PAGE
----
EZ Tax Filing Moves Ahead: The EZ Tax Filing initiative is moving ahead, with the Internal Revenue Service fielding both positive and negative reactions during the comment period, which ended Sept. 4.

While individual taxpayers favored the initiative (626 in favor and just three opposed) other segments were less enthusiastic. Accounting and legal tax professional associations were opposed to the initiative four to none, while individual accounting and legal tax professionals weighed in at two in favor and 54 opposed. Of eight tax software companies that commented, six gave positive responses and two gave a negative or mixed response.

One comment stated opposition to the initiative "on both economic and legal grounds and respectfully submits its grave concern that the agreement and the consortium are anti-competitive and illegal, will fail to accomplish their suggested objectives and will harm taxpayers and consumers of tax preparation and e-file services over the long term."

According to the IRS, free federal electronic filing of tax returns is pro-consumer and pro-taxpayer. Under the proposal, the IRS says that taxpayer privacy and security protections may actually be increased. Marketing of the free electronic filing service will be conducted to increase public awareness. However, federal tax laws strictly prohibit unauthorized marketing to taxpayers using a commercial tax preparation service.

Tax Shelter Disclosures Help ID Promoters: The Internal Revenue Service continues to benefit from its tax shelter compliance efforts as officials evaluate the information produced by the 120-day disclosure initiative that ended earlier this year.

"Over 1,000 taxpayers voluntarily disclosed questionable tax transactions that they had engaged in and submitted names of the tax shelter promoters who sold them the transactions," said IRS commissioner of Large and Midsized Business Larry Langdon. "We are working to audit and resolve the transactions disclosed by taxpayers as quickly and efficiently as possible."

In addition, the IRS is using the disclosures to identify tax shelter promoters and is aggressively examining the activities of those promoters, who are required by law to keep lists of all investors who bought tax shelters from them. Upon receipt of the investor lists from promoters, the IRS will be able to identify taxpayers who participated in tax shelters and failed to disclose them.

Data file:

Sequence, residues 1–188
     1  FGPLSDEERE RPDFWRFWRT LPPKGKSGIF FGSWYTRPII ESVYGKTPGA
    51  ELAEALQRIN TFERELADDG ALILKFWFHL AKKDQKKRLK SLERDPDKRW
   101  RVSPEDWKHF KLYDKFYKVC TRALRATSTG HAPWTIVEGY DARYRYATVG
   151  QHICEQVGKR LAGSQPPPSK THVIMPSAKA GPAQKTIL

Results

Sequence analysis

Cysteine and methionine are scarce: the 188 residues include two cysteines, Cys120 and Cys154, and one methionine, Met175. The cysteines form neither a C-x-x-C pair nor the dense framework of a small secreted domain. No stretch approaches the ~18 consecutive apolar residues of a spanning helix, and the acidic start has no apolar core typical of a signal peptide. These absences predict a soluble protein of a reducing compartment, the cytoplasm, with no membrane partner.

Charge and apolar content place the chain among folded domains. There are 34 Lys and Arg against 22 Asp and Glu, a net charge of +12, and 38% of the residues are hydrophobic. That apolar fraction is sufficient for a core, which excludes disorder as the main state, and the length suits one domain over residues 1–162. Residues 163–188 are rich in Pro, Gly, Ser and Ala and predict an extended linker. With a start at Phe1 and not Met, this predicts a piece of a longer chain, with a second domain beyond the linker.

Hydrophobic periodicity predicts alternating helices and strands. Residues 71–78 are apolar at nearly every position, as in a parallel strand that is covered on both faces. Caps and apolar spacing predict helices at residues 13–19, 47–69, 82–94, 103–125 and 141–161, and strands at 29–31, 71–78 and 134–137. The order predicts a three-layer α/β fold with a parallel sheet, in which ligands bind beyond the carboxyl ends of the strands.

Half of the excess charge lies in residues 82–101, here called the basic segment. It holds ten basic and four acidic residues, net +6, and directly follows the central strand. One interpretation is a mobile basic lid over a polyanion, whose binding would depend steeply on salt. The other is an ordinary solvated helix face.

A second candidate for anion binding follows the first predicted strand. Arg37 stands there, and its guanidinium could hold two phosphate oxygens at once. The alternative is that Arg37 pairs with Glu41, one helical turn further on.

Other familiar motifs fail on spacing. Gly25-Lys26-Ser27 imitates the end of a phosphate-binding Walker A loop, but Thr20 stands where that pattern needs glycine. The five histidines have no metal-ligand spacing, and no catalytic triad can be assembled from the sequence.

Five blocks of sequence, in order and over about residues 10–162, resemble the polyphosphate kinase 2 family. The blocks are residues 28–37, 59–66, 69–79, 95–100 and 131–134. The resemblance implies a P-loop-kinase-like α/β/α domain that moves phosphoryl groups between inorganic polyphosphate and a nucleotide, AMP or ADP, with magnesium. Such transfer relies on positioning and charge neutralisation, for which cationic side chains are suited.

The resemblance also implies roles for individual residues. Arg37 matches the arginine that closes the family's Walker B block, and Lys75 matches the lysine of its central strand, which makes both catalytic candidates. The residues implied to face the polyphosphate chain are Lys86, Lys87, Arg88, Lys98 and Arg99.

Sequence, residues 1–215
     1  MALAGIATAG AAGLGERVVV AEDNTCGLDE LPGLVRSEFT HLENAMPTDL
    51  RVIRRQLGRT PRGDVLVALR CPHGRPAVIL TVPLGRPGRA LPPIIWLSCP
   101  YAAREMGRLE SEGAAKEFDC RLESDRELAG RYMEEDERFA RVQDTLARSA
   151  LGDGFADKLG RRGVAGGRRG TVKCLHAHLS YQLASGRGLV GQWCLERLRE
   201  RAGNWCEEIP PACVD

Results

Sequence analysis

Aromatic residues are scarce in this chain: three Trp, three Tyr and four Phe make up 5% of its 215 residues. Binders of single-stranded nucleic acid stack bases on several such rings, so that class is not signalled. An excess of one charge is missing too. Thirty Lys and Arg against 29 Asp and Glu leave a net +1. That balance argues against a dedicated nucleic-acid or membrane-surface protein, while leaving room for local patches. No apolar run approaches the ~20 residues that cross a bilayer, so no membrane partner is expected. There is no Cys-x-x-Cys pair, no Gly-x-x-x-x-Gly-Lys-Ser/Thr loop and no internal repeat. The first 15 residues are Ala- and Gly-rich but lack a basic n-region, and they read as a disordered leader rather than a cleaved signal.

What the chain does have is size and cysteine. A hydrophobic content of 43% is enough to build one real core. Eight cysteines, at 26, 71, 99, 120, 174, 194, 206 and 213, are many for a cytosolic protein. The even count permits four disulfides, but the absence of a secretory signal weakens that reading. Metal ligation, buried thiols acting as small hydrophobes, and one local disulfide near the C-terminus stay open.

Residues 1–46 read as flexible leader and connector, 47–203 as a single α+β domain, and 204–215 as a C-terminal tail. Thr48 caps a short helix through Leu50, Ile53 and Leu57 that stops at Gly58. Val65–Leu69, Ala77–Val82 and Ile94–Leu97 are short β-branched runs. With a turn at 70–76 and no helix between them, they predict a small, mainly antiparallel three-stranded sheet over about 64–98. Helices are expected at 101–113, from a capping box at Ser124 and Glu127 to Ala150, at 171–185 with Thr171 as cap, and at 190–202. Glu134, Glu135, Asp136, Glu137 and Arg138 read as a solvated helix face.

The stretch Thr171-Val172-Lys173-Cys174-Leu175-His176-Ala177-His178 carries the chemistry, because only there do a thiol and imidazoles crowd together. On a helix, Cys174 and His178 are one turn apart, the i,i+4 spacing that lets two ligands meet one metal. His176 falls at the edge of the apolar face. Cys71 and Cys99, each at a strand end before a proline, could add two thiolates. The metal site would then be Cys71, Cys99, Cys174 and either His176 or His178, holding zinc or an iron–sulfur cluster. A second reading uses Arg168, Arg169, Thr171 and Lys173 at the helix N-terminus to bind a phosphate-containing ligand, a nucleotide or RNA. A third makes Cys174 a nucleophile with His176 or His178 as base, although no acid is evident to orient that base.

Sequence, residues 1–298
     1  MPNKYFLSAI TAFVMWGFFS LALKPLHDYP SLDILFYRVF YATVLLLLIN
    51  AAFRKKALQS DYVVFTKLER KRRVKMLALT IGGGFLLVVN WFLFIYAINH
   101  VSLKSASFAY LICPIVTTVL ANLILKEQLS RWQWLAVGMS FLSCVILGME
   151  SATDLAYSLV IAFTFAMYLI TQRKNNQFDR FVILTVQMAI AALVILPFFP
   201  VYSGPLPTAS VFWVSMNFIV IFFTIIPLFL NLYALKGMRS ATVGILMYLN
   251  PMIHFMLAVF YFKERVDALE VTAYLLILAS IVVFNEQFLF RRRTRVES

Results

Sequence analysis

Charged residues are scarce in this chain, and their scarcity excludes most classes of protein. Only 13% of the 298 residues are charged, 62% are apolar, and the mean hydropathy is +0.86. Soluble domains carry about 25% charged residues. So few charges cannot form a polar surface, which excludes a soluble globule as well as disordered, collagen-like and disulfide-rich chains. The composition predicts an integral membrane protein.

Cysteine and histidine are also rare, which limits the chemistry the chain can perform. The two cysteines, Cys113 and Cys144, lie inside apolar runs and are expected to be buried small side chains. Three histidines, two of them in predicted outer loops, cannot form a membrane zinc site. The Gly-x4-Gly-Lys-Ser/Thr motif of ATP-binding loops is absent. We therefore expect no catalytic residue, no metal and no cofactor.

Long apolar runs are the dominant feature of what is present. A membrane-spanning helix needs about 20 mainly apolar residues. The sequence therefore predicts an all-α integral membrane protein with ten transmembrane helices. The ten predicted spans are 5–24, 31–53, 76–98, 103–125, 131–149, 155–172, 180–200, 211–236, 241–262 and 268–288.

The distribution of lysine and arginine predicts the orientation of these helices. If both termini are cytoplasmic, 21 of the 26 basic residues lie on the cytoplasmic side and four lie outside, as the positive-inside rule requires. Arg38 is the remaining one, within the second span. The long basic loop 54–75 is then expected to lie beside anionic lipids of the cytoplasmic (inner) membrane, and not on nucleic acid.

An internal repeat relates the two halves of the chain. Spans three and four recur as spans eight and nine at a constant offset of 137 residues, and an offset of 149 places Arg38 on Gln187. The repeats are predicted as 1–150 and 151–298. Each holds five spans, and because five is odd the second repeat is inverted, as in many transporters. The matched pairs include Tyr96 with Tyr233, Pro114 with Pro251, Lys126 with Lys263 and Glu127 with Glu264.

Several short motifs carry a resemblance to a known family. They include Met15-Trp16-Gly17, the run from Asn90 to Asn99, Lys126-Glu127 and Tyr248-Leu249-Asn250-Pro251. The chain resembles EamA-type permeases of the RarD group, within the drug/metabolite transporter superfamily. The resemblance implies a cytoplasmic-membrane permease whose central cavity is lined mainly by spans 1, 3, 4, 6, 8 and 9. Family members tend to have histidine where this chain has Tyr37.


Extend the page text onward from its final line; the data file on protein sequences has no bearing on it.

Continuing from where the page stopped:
Although many of the types of complicated tax shelter transactions disclosed were known to IRS experts, the disclosure initiative also revealed a number of new tax shelter transactions. These transactions are now being analyzed by the IRS Office of Chief Counsel and the Treasury Department for possible identification as transactions that promoters and investors must disclose.

Senate Finance Approves Military Tax Relief: Members of the military may have a lot to be thankful for this year. The Senate Finance Committee voted to approve a bill which would restore provide broad tax relief for taxpayers in the armed services.

Among the provisions of the Armed Forces Tax Fairness Bill of 2002 (HR 5063) are provisions to address inequities in the capital gains tax exclusion for home sales by military personnel, extend the tax-filing period for military personnel working in contingency operations, offer an above-the-line deduction for overnight travel costs for members of the National Guard and Reserve and exclude from income children care benefits provided to military families.

Sen. Charles E. Grassley, R-Iowa, urged action on the bill, following the House’s lead in approving a similar package on July 9.

Oversight Board Wants Better Taxpayer Service: The Internal Revenue Service Oversight Board has called on the IRS to improve its service to taxpayers.

The board released a report that focuses on improving operations at the Office of Taxpayer Advocate. The OTA, created under the IRS Restructuring and Reform Act of 1998, was charged to improve taxpayer treatment, and operates to resolve both common and individual taxpayer problems.

In its report, the board found that some existing IRS operations cause significant problems, resulting in more hardship for taxpayers. The board called on the IRS to resolve individual taxpayer problems more quickly, and to make resolving problems a measure of progress in evaluating the IRS and senior executives’ performance.

In addition, the board said that the IRS should emphasize efforts within the OTA and the IRS to balance and strengthen their own taxpayer advocacy efforts and to provide effective training for those who are associated with resolving taxpayers’ problems.

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